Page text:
"Suicide Squad" (2016) - Rated PG-13 / Runtime: 130 minutes
Directed by David Ayer
Review by: JJ Mortimer
A forcefully-derivative, tonally-garbled, over-edited narrative mess, Suicide Squad still manages to be an entertaining comic book movie with a backbone strengthened by great performances by most of the cast, especially from Will Smith and Margot Robbie.
A lot has been said about the behind-the-scenes drama on the making of this film, and a lot of that is apparent on screen. The producer over-involvement, the re-edits, the re-shoots - all of this masks what could have been a really intriguing character study in a comic book backdrop, but unfortunately I got the feeling that David Ayer (a writer and director whose work I follow and gritty, hard-nosed style I admire) had a vision that was probably almost entirely erased from the finished product. I could sense that roughly fifty percent of what we see on screen is to be accounted for his involvement, while the wildly uneven tone and narrative mish-mash is a result of too many cooks in the kitchen. I'd be curious to see in the future if they allow Ayer his own true "director's cut," and I'm sure the film wouldn't be as light-hearted and cobbled together as it is.
Despite this knowledge, one must still judge the final product. What we are left with is an often entertaining motion picture; one that sports good performances by almost he entire cast, including two truly great performances by its two lead stars. Smartly, the film doesn't make this the "Will Smith show" nor does it over indulge in the sole charisma of Margot Robbie's psychotic and comic portrayal of Harley Quinn. Both she and Smith are used sparingly, with each of them and their stories getting more screen time than the other members of the Suicide Squad, yet never quite overtaking whatever over-arching "story" we are left with.
While the first act of the film feels broken up and doesn't quite catch on to an even story-telling flow, I enjoyed the fact that each character was introduced with their own little vignette with a few on-screen "stats" to show how dangerous and kooky each one is. Some of it reminded me of a more substantial version of Hugo Stiglitz's introduction in Quentin Tarantino's Inglourious Basterds in both style and humorously-broken narrative stride breaker. There are many moments early in this film that truly feel (and look) like a comic book come to life on screen, at least more so than any of the other DC-produced comic book adaptations in the past decade.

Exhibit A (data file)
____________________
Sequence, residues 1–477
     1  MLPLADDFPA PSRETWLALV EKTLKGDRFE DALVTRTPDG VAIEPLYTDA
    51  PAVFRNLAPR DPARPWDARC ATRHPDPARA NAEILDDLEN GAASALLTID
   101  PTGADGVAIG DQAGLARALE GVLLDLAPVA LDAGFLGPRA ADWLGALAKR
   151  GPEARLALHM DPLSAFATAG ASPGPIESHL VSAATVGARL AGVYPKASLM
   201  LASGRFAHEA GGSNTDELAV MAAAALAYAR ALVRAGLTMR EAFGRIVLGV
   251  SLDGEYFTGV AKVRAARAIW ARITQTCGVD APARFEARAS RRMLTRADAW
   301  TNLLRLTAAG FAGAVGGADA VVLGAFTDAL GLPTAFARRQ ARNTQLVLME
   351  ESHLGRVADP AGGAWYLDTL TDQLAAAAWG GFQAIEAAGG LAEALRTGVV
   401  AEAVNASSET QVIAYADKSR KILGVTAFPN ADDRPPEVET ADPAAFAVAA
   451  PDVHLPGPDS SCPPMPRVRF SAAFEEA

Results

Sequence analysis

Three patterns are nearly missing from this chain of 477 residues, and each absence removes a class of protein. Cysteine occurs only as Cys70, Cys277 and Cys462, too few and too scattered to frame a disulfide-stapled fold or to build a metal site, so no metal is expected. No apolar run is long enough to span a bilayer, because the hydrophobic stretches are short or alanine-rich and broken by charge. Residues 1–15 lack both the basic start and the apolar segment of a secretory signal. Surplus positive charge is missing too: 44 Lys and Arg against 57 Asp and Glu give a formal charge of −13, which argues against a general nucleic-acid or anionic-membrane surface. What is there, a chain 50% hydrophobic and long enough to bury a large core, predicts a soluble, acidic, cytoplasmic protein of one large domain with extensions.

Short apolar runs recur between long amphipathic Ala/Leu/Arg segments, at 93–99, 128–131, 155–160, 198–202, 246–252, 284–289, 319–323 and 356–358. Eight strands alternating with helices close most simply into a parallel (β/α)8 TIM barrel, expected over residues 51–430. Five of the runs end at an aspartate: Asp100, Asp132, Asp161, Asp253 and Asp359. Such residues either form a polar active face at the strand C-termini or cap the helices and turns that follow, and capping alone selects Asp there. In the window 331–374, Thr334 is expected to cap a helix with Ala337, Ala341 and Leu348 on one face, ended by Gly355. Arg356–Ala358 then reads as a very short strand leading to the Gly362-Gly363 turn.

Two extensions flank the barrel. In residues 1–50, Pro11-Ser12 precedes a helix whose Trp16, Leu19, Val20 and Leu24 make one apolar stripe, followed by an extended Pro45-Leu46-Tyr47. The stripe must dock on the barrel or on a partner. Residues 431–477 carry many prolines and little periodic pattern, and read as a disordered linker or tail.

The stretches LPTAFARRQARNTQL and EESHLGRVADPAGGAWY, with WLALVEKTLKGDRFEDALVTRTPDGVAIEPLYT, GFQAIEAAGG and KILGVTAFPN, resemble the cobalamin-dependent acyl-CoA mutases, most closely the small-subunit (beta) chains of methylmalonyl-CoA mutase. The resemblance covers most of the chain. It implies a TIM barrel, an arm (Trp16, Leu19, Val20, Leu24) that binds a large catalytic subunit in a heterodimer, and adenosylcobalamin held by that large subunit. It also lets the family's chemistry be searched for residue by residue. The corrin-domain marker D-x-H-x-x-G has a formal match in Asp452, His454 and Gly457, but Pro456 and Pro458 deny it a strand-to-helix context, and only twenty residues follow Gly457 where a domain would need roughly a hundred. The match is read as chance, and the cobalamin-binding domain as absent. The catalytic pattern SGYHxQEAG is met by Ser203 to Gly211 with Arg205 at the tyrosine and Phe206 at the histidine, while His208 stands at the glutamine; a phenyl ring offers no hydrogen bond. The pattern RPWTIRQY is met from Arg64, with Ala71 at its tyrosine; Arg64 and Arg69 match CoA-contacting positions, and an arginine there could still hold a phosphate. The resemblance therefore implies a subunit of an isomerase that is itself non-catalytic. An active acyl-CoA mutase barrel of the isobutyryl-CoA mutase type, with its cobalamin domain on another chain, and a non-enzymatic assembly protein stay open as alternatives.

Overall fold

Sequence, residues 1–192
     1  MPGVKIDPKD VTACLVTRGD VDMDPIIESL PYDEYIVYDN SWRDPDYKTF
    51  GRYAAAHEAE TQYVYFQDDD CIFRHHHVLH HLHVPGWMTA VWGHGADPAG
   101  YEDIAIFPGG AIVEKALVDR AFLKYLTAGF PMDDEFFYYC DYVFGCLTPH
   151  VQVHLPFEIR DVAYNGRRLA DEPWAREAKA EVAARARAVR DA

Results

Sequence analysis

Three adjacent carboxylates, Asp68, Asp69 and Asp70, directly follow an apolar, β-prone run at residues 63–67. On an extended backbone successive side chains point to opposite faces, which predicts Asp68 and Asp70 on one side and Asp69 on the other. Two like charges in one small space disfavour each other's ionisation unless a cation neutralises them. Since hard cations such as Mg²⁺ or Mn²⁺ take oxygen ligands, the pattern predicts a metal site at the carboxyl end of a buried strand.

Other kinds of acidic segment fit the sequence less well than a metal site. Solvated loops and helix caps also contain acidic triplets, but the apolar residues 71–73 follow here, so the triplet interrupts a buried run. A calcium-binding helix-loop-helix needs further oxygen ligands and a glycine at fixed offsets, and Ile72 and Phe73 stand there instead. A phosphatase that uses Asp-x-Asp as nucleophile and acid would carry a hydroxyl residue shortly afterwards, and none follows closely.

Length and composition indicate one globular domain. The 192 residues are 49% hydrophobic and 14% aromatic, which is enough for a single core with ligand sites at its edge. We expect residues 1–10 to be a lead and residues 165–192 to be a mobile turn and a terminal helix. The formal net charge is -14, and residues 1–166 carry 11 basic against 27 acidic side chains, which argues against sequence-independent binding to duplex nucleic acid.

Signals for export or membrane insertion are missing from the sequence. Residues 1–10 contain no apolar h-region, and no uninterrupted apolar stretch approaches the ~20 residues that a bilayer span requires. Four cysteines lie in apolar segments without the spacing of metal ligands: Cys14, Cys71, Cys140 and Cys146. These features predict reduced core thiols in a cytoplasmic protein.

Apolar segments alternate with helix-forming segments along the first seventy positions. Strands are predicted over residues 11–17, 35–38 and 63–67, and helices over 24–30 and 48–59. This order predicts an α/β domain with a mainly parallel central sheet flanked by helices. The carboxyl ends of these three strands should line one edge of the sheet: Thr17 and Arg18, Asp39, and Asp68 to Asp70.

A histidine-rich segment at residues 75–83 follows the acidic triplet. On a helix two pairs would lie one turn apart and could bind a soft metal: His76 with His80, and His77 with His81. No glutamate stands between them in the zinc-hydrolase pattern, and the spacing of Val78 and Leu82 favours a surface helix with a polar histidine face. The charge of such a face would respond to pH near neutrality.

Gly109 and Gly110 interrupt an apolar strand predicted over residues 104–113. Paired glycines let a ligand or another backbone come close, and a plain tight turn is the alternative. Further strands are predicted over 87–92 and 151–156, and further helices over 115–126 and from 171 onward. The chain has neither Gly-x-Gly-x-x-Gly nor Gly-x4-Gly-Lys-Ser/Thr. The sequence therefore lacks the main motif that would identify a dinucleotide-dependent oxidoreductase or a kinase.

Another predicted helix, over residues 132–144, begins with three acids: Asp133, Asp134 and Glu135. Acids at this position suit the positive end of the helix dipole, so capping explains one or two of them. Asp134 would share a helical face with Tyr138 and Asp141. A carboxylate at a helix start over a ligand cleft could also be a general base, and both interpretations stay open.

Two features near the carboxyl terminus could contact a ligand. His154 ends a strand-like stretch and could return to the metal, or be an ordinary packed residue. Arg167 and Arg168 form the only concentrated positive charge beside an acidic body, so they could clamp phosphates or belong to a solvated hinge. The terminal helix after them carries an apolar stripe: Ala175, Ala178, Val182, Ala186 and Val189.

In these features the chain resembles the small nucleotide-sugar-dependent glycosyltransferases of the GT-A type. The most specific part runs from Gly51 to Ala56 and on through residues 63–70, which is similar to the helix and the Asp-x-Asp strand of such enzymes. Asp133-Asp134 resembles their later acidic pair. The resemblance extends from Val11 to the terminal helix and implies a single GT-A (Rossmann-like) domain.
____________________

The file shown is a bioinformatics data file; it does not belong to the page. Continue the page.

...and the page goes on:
As the squad is assembled and the film gets underway, this is where the film for me started to feel a little incomplete and less it's own movie. Suicide Squad somewhere along the line became an extremely derivative comic book movie that was cut together as a result of the more successful Marvel movies before it. I wouldn't go so light as to say I think this is what happened - I'm almost certainly positive that the tonal changes and narrative structure (as well as the entertaining yet oh-so-obvious use of continuous and numerous popular songs) are a result of the successes of both Guardians of the Galaxy and Deadpool. "It worked for Marvel, so goddamit we're going to make it work for us, too!"
DAVID AYER: "But wait, I directed Suicide Squad as a dark, dreary, film that stars very, very bad villains as our anti-heroes in ravished, destroyed cities covered in the dark of night like Gotham City - how are we going to make this a colorful, playful, fun movie like the ones that Marvel produces?"
PRODUCER: "Fuck it. We have four editors. We will think of something after this line of coke and turn Pandora to the Joan Jett station and get inspired. What's Gotham City?"
It's clear as day that DC needs to make their own inspired movies. They are the harbingers of darkness and grit while Marvel has been the more colorful, family-friendly of the comic book movie genre. DC either needs to embrace what they've established with the Christopher Nolan universe, or they need to stop hiring directors like David Ayer who are known for their "grit" if they don't intend on keeping their movies in the tone they've already established. You can have comedy in your darker, more violent films about villains playing the heroes, but you can't create that only in the editing room. That's a choice that needs to be made in the script form in order for a coherent motion picture to be produced.
So that's my umbrella of thought on the film, yet doesn't account for some of the tinier details that I either liked or disliked in the film. I will mention a few of those before giving my final resolve:
- Why does every comic book movie villain have to produce some sort of giant blue light shooting into the sky? Why is this a thing? I feel like this is the seventh comic book movie in a row that this has happened.
- This movie needed a grounded, more realistic villain for the more grounded, realistic "heroes" to quarrel with. Superman, Wonder Woman, The Flash - they are the more mystical heroes (or as this film calls "meta-humans") that can combat a teleporting, energy-blast shooting super-villain. I'm not quite sure how getting a clown girl with a sledgehammer and an Australian guy who throws a boomerang is the appropriate response to such a threat.
- Including Batman as a background character in a few flashback scenes was a nice touch, and made the film feel welcome in the universe DC is trying desperately to create, though at times it made me really cherish the thought of a Deadshot vs. Batman movie just to see the conflicted Will Smith character square off with Ben Affleck's version of a disgruntled Caped Crusader.